Mike Leake
Mike Leake
32-Year-Old PitcherSP
Arizona Diamondbacks
Out
Injury Opt Out
Est. Return 2/1/2021
2020 Fantasy Outlook
If you are in hot pursuit of double-digit wins and mediocre-to-bad ratios, Leake is your man. He has won 10 or more games in six of the past seven seasons, but the ratios have been anywhere from average to terrible. He misses as many starts as he does bats with his stuff, so you have to take the good with the bad. He will get you the 30 starts, but the K-BB% borders on unacceptable for a starting pitcher. It is not the fault of walks as he is stingy with those, but it's the 15% strikeout rate that is tough to roster in a mixed-league format. Leake's 2020 season should be more of the same: 10 wins, middling ratios and he will not eclipse 100 strikeouts until around Labor Day weekend. One would assume the move to the National League would help his strikeouts, but his low strikeout rate got even worse last year after he was traded from Seattle to Arizona. Read Past Outlooks
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$Signed a five-year, $80 million contract with the Cardinals in December of 2015. Traded to the Mariners in August of 2017. Traded to the Diamondbacks in July of 2019. Contract includes mutual $18 million option ($5 million buyout) for 2021.
First player to opt out of 2020
PArizona Diamondbacks
June 29, 2020
Leake will opt out of participating in the 2020 season, Steve Gilbert of MLB.com reports.
ANALYSIS
He was included on the initial version of the Diamondbacks' 60-man roster and would have been fighting for a rotation spot in July. While Leake is the first known player to opt out of playing this year, this shouldn't come as much of a surprise, as Leake has made just shy of $95 million in his career and there are obviously health risks involved with playing during a pandemic. Alex Young now appears to be Arizona's sixth starter in case one of the top five guys gets injured. Leake says he looks forward to playing in 2021. Arizona will either pay him $18 million next season for the final year of his contract or buy him out for $5 million.
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Pitching Stats
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2020
2019
2018
2017
2020 MLB Game Log
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2019 MLB Game Log
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2018 MLB Game Log
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2017 MLB Game Log
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Left/Right Pitching Splits
Since 2018
 
 
-6%
BAA vs RHP
2020
No Stats
2019
 
 
-7%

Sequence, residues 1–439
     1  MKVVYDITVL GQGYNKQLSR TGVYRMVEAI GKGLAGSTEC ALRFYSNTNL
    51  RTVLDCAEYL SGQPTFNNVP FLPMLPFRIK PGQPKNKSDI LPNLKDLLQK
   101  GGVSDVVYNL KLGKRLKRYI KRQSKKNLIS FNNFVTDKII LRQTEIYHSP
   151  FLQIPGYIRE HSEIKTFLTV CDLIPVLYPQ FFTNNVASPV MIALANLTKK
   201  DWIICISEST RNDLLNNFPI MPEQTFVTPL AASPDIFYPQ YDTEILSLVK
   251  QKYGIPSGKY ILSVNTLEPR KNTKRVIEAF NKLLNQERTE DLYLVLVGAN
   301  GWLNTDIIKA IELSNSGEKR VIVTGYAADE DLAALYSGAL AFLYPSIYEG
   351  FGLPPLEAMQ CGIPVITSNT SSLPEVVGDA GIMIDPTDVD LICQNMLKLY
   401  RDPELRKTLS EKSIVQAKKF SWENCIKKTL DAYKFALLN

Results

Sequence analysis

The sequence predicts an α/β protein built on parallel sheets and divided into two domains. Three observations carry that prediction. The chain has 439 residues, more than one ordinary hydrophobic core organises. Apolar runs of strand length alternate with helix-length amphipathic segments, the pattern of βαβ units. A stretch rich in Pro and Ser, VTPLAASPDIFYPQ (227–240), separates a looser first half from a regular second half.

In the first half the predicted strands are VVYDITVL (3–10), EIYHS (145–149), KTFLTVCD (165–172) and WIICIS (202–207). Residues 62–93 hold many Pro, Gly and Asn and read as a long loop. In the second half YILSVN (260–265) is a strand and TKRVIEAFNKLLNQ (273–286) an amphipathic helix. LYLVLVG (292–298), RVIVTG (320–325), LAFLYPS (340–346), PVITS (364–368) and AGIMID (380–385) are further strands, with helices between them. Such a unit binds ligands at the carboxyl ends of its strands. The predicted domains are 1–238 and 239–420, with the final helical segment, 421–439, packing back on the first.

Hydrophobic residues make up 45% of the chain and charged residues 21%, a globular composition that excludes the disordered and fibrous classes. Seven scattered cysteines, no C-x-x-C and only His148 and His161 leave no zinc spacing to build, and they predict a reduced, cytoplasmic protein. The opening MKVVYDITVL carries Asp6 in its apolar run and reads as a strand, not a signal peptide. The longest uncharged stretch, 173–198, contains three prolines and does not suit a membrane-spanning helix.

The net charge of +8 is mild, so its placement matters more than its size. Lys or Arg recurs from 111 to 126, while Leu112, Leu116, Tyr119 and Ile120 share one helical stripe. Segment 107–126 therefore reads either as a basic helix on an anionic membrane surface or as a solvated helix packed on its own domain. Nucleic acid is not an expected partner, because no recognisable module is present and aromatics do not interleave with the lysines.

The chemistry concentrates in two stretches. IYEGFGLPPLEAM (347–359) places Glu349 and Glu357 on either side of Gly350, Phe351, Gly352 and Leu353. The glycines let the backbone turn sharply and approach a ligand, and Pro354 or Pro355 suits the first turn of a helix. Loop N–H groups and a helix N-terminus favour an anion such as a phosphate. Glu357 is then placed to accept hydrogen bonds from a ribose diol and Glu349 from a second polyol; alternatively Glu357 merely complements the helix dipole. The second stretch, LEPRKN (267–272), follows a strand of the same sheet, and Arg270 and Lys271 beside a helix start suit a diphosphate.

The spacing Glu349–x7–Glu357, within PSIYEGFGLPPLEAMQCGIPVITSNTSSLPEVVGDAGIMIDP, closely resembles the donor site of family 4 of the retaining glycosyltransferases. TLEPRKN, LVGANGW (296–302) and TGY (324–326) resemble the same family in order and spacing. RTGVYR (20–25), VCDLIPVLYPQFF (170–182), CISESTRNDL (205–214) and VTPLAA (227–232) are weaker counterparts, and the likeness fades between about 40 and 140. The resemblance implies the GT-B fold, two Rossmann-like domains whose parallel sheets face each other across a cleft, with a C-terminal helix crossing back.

BAA vs RHP
2018
 
 
-5%
BAA vs RHP
BAA Batters K BB H 2B 3B HR
Since 2018vs Left .292 811 114 32 223 48 5 25
Since 2018vs Right .274 808 132 29 211 41 3 39
2020vs Left 0 0 0 0 0 0 0 0
2020vs Right 0 0 0 0 0 0 0 0
2019vs Left .296 456 73 20 126 29 2 19
2019vs Right .275 379 54 7 101 16 1 22
2018vs Left .288 355 41 12 97 19 3 6
2018vs Right .274 429 78 22 110 25 2 17
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Home/Away Pitching Splits
Since 2018
 
 
-21%
ERA at Home
2020
No Stats
2019
 
 
-42%
ERA at Home
2018
 
 
-8%
ERA on Road
ERA WHIP IP W L SV K/9 BB/9 HR/9
Since 2018Home 3.84 1.26 197.0 13 9 0 5.8 1.2 1.1
Since 2018Away 4.85 1.32 185.2 9 12 0 5.8 1.6 1.9
2020Home 0 0 0 0 0 0 0 0 0
2020Away 0 0 0 0 0 0 0 0 0
2019Home 3.27 1.20 110.0 9 4 0 5.7 1.0 1.2
2019Away 5.59 1.40 87.0 3 7 0 5.9 1.6 2.7
2018Home 4.55 1.34 87.0 4 5 0 5.9 1.6 1.0
2018Away 4.20 1.26 98.2 6 5 0 5.7 1.7 1.2
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Defensive Stats
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Past Fantasy Outlooks
2019
2018
2017
2016
2015
2014
2013
2012
2011
2010
Leake started at least 30 games for the seventh straight season, surpassing 185 innings for the fifth time in that span. Leake generally defines a league-average pitcher, at least in terms of ratios as his career 16.1 K% is well below the norm. He gets by with pinpoint control, as evidenced by a career 5.5 BB%. As a groundball pitcher, he keeps the ball in the yard, allowing 1.09 HR/9, an acceptable mark by today's standards. Leake features an 89-mph sinker and mixes in a cutter and change, with the occasional slider and curve. Streaming for home games wasn't an effective ploy in 2018 as he didn't take advantage of Safeco Field's pitcher-friendly dimensions, posting better numbers in road affairs. That was likely a sample-size anomaly, and durability and reliability are important, but Leake's pedestrian punchouts are a detriment in mixed-league play.
It's cliche, but Leake is better for the real thing than fantasy. Consider this: since 2011, he's one of only five pitchers to throw at least 165 innings each season but has recorded an ERA below 3.40 only once with just one season punching out more than 160 hitters. In 2017, he pitched for his fourth organization as the Cardinals dealt the righty to the Mariners in late August. Leake excelled in the American League down the stretch, recording a 2.53 ERA with 27 whiffs to just two walks in 32 innings. Safeco Field and Busch Stadium are comparable pitching parks so the inevitable regression won't be too damaging, but even in today's increased run-scoring landscape, Leake's career 16 percent strikeout rate is a detriment. That said, Leake's reliability and durability is worth something. He should get decent run support, making Leake a streaming candidate for mixed leagues, especially at home. In AL-only, he's a nice complement to a high-strikeout but potentially risky starter.
Coming off back-to-back seasons with a 3.70 ERA, Leake struggled en route to his first losing season since 2014. Fueling the fire was an uncharacteristically poor showing against right-handed hitters. After holding them to a batting average below .265 for three straight years, his luck ran out and they put up a .304 average and .752 OPS against him in 2016. Meanwhile, he continued freely allowing home runs. In all seven of his seasons, he's allowed at least 0.97 per nine. A slight rebound isn't out of the question, and at his best, Leake can gobble up plenty of innings with a passable WHIP, but he continues to work with a low strikeout rate (16.2 percent for his career), which limits his value in most mixed formats.